What’s the best way to approach art marketing?
That’s an excellent question! Too many artists like to make the work but they stop there. They don’t want to delve into the world of art marketing because it can be overwhelming and confusing
Allow me to break it down and show you the ins and outs of art marketing.
FIND YOUR BRAND
When it comes to art marketing, the best place to start is to get a sense of your brand. This is where a lot of artists immediately start to panic.
Maybe you can’t place your finger on what your style is? Maybe you play in more than one medium? How can I know what my brand is?
It’s difficult to package something that feels so elusive – yet so close to you as art does.
I tell artists that before they make an investment in art marketing, it’s important to look at all of their work, really spend time with it, and find that golden thread that ties it all together.
It’s in your heart. It’s those things that your art is about. It’s those things that people respond to most in your work. It’s those things you could talk about all day long. It’s the “why” of why you make art.
This is how you find your “brand.” You live it. And from here, from this place of authenticity, driven by your creativity, you do the work and attract an audience.
This is where the best art marketing comes from too. It’s from your heart, from offering the gift you have to the world. But doing it strategically and with passion. It’s about sharing your vision and not apologizing or playing small.
So when you use social media, when you build your website, when you send out your newsletters, when you promote an exhibition, everything you do says to the world, “This is who I am.”
Does that sound scary? It should. Because vulnerability is scary. But it’s also what makes people connect with your brand. As an artist, authenticity is your strength, not something to hide.
The way to success in the art world is to master your craft, to do good work, but even then, talent isn’t enough. I know that’s difficult to hear, but it’s true.
You also need to understand art marketing. You need to know how to get your message across to an audience. And identifying your brand is the best first step I can recommend.
CREATE PROFESSIONAL PRESENTATION MATERIALS
It’s super-important to make sure your presentation is always professional. First impressions can’t be erased.
Have high-quality, cropped images that include the work’s title and dimensions. Have your biography, CV, and artist statement polished and ready to share. Opportunities often arrive as a surprise and they don’t wait for you to get your act together.
Do you have published articles about your work? Make clear copies so that you can include them in your Working Artist Marketing Kit. Do you have postcards or other art marketing materials? Ensure that the quality is high with true colors and include those in your Kit as well.
(And if the words presentation materials, biography, website and CV have got your head spinning in a panic, don’t worry! I can help. The Working Artist Masterclass covers all these topics and more so that you can apply to a gallery with confidence that you’re putting your best foot forward)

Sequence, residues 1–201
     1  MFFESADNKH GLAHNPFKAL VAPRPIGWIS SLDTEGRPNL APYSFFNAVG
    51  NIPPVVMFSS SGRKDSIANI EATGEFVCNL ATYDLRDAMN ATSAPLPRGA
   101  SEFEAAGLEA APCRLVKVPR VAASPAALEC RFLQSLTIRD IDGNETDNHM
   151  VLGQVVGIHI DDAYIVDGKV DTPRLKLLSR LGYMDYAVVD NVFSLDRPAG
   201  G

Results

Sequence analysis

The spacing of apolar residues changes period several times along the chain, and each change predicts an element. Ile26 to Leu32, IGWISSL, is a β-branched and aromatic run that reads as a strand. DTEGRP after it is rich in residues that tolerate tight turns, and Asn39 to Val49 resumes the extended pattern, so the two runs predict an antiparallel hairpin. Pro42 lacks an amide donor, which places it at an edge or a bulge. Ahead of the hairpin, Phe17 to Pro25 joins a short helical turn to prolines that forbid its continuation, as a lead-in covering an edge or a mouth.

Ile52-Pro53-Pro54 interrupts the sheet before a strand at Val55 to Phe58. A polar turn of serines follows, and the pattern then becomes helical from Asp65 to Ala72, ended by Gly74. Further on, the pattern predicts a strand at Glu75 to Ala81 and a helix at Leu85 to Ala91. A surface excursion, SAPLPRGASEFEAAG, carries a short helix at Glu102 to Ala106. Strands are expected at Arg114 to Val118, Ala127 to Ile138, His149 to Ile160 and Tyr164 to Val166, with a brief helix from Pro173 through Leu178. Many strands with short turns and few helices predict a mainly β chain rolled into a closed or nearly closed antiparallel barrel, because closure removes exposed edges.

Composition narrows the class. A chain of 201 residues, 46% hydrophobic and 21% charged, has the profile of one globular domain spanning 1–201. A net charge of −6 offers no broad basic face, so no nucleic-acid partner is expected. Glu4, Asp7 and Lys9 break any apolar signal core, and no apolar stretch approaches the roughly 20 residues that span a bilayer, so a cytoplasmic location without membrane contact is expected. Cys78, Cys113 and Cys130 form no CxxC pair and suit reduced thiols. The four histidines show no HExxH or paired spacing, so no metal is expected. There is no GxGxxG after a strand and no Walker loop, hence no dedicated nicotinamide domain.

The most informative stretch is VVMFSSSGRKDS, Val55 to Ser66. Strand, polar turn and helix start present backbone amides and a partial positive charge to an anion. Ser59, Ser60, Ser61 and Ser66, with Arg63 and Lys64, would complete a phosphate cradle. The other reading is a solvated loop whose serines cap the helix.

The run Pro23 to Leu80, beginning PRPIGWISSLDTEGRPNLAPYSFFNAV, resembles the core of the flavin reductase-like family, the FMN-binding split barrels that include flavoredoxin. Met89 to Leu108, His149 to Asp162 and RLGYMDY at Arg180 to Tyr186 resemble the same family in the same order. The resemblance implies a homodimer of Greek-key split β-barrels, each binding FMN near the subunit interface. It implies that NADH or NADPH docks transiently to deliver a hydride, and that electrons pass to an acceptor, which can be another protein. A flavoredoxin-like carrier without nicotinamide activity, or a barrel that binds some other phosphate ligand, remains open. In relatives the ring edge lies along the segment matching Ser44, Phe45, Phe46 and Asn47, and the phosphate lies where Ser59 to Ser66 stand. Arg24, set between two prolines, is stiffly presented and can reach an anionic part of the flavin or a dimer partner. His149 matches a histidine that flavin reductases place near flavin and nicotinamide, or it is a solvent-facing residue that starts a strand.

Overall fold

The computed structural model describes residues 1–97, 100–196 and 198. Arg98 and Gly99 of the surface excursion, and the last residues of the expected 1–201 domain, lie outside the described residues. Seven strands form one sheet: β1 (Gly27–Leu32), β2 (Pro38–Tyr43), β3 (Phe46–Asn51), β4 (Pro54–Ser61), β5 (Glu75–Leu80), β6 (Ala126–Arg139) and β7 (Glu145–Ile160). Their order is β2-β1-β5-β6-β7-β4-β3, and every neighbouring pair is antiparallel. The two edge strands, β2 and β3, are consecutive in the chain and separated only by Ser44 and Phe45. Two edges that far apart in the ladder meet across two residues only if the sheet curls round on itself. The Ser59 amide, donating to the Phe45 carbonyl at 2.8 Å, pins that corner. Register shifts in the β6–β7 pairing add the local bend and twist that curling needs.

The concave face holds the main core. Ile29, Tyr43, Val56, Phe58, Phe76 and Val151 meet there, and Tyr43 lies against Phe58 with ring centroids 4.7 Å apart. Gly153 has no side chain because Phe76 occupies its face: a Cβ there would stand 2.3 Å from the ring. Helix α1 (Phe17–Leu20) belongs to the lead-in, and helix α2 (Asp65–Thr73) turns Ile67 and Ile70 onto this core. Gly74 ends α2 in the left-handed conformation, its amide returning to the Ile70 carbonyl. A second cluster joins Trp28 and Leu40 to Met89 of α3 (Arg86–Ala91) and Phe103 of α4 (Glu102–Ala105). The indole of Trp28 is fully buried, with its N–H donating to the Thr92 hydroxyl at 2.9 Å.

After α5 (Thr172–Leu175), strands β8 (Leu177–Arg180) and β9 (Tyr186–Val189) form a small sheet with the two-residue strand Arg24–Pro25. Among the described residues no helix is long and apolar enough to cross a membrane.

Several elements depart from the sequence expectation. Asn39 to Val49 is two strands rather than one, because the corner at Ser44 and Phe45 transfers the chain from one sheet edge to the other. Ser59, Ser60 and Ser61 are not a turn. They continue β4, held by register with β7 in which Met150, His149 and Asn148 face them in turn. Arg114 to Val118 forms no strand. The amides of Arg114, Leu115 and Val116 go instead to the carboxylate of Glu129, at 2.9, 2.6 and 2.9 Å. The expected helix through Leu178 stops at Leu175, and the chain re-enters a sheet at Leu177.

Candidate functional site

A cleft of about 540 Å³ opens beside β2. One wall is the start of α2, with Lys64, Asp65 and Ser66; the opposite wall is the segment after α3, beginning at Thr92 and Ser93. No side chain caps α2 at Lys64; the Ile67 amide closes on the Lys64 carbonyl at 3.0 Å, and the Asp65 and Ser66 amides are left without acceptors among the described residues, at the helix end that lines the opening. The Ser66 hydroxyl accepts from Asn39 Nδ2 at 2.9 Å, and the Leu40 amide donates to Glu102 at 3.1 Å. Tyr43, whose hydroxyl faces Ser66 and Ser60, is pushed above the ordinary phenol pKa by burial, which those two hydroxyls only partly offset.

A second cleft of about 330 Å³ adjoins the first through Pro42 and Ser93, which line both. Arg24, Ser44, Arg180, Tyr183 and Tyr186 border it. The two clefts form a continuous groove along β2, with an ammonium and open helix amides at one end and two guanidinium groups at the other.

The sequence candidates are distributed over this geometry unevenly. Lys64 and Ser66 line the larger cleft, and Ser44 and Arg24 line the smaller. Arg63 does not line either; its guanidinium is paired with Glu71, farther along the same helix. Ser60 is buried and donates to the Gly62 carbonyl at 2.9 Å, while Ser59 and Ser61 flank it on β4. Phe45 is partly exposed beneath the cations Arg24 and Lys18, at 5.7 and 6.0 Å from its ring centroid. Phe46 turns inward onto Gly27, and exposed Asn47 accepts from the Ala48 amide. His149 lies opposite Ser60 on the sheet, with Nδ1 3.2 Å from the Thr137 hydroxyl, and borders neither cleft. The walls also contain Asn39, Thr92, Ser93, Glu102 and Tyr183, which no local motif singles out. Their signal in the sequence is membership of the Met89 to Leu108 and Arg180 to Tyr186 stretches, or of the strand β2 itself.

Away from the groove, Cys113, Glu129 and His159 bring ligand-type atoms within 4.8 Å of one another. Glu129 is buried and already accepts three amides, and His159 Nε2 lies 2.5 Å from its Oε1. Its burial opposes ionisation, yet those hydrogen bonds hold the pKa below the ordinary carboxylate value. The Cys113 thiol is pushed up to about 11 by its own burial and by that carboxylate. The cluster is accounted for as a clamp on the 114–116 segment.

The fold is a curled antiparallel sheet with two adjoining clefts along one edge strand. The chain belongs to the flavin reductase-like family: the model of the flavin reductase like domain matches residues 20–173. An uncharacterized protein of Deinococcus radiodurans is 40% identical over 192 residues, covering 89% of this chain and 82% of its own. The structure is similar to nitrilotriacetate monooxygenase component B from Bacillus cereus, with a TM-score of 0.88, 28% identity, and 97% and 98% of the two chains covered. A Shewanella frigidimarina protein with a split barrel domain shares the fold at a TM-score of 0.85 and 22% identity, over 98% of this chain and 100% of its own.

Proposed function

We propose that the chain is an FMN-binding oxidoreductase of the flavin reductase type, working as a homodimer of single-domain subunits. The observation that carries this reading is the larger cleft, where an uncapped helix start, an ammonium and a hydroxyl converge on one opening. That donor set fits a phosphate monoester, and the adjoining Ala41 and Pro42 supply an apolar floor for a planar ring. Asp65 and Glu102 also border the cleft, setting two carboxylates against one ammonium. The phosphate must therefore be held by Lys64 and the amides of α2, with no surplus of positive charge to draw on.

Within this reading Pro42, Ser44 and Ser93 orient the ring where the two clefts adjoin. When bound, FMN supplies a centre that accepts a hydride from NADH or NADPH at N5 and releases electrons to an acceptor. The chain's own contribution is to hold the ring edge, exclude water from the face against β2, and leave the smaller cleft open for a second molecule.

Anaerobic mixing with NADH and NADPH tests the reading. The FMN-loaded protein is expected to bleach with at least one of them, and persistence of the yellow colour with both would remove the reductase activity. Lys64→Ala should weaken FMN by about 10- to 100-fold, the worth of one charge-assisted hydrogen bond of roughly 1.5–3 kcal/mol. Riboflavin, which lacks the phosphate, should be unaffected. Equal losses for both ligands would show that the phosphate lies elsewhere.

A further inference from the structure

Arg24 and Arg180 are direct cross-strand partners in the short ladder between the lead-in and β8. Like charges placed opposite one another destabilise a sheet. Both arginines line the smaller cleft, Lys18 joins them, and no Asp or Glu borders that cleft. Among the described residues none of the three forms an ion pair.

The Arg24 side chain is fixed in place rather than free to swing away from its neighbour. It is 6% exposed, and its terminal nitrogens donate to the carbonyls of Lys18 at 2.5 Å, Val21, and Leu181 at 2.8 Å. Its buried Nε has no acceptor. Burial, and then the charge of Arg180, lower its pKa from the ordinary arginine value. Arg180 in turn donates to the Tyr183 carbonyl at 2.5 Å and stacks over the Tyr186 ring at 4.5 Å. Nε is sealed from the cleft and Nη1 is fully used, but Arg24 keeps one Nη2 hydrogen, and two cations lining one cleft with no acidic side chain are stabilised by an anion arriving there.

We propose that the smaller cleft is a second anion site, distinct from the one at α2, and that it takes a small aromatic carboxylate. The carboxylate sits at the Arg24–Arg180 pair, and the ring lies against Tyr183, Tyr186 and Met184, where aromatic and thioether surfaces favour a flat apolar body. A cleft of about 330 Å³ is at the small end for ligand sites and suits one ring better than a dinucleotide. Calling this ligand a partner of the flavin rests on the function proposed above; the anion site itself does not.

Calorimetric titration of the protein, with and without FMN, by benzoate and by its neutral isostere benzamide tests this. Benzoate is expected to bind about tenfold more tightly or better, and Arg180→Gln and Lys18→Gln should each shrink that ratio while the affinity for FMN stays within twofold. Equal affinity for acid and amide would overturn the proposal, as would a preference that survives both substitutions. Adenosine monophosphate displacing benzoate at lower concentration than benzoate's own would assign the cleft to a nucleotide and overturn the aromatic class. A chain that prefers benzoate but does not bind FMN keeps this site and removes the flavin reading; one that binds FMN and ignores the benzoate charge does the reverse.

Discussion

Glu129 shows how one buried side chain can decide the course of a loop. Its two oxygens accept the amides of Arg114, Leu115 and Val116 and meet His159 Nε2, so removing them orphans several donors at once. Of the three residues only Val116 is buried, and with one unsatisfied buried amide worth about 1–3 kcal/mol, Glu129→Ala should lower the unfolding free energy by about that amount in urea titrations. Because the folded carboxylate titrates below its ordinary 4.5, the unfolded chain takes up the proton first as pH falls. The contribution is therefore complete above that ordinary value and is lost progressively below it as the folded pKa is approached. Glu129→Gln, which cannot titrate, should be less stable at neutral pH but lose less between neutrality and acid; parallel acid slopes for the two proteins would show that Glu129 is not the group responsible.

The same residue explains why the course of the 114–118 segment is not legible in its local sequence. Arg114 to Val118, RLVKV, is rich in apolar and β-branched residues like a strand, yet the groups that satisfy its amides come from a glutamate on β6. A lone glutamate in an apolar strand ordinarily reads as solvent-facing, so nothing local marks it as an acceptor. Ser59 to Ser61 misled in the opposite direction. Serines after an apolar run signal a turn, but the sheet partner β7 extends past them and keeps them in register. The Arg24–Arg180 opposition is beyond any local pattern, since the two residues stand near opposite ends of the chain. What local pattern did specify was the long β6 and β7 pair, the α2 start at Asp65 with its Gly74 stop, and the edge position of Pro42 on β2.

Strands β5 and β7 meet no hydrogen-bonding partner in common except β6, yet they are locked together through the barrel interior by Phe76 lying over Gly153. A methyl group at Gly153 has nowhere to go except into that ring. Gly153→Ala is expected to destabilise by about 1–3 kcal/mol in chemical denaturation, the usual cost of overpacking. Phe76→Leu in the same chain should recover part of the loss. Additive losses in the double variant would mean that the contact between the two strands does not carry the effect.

SOCIAL MEDIA AND ART MARKETING
Artists are always asking me about social media as a tool for art marketing.
Well, it’s like this… you might sell your art from posting on Facebook or Instagram or Twitter. But probably not, because most artists aren’t able to build a career around it.
But you can do something even better with social media, even more powerful than the odd sale here and there. You can build a following.
Yes, a following: a tribe, a community, a group of people who know and follow your work. And from there, from your following, will come opportunities for showing and selling your work. So unless you have a very specific sales plan with a very specific offering, don’t use social media as a sales platform. Don’t just plop your latest work up there and get disappointed if no one bites.
Think of social media instead as a part of your art marketing plan – a place to engage, inform, tease, reveal, inspire, and to stand out as the working artist you are. Think about the voice you use when you post or pin or tweet or link. What does it say about you and your work? Remember, this is your brand!
Use social media as a place to be as generous and giving and authentic as you can because having followers makes you a leader. Where are you taking your followers? How can you best engage them? What can you offer them?
Never forget that having followers is an honor, so lead honorably and without expectations. And watch the difference in this makes in your art marketing.
OTHER WAYS TO PURSUE ART MARKETING ONLINE
There’s a variety of ways beyond social media to market your work and yourself as an artist. Some artists blog and send out newsletters. Other artists host podcasts. And some artists create Youtube videos.
If you’re comfortable putting yourself out there, these can be really powerful art marketing tools. IF you’re comfortable! If you’re not, if you absolutely hate writing blog posts or seeing yourself on video, then I give you permission not to do it. There are enough other ways to market your art in the world that it’s just not worth the pain.
But if any of these avenues intrigue you, I urge you to go back to your brand. What are those things you can talk about all day long that connect with your work?